Skills and deep sense of values are key for the future workforce, according to Caroline Waters, director of people and policy at BT Group.
Opening the World of Learning 2012 conference, Waters told delegates that technology is having a profound effect on the way we work, as are intrinsic factors such as global warming.
Waters took delegates on a journey from the macro-level changes that are transforming the global workforce and workplace to the practicalities of delivering learning to a large, multi-generational workforce.
She said BT has a life stage approach to policies and practices – providing employees with what they need based on their stage in life and in their professional development. ‘People want autonomy and choice and within different generations there is huge diversity in how people want learning,’ she told delegates.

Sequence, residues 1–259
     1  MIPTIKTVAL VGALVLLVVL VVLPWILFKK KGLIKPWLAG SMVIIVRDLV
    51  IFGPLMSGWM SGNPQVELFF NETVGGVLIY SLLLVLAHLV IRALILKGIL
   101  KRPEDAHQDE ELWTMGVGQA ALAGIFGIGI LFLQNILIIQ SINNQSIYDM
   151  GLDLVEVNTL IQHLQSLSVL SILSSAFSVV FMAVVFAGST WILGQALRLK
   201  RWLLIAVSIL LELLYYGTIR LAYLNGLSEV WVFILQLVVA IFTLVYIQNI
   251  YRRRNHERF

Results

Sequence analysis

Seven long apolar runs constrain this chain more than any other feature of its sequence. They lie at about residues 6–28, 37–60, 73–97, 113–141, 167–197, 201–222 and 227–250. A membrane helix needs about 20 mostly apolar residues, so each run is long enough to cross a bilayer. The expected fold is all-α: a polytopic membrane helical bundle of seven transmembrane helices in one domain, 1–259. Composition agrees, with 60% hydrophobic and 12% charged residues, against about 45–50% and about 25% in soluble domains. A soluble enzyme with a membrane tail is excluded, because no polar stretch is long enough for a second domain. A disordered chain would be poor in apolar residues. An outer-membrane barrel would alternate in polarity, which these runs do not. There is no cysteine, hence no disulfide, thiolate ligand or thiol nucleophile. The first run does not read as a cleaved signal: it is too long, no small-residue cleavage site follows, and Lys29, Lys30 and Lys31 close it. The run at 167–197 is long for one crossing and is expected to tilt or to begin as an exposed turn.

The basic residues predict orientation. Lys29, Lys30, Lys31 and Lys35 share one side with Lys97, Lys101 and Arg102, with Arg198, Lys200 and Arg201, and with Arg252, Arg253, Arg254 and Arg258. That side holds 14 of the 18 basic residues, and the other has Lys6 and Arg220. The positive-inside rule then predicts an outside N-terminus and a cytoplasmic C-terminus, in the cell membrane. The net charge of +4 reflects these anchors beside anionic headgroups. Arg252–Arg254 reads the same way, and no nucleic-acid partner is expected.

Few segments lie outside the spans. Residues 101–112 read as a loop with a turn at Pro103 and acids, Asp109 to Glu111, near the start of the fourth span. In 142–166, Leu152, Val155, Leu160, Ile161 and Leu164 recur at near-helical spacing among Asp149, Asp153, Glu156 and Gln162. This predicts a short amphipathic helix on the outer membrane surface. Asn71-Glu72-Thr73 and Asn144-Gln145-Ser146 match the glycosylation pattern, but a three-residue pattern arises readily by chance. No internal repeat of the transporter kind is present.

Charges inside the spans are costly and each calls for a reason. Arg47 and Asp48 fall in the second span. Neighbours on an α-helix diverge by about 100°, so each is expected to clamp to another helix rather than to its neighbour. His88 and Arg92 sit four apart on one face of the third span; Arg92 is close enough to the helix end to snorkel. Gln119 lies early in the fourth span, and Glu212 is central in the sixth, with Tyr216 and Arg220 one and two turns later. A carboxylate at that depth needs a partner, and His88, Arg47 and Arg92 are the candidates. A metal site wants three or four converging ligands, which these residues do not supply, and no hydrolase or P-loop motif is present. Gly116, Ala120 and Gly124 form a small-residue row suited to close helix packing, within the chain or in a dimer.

Learning communities work really well at BT, she said. These communities help colleagues to share and talk together and through this the company is trying to create a lifetime engagement with learning.
For BT, this engagement produces results, out simply the most engaged teams deliver higher productivity. Open Reach teams at BT are 23% more productive than their counterparts, for example.
Waters said BT has a lot of challenges with remote working including how to optimise team structures, support individuals in the team, get them communicating effectively, motivating them and reaching out to prople you see very rarely.
The factors that work for everyone are critical. Autonomy, mastery and purpose are key factors in motivation. Autonomy helps mastery and with that comes confidence and a sense of fulfillment.
LearnPatch caught up with Waters after her talk and asked her about learning across generations and the new challenges for L&D teams.
Listen to the interview: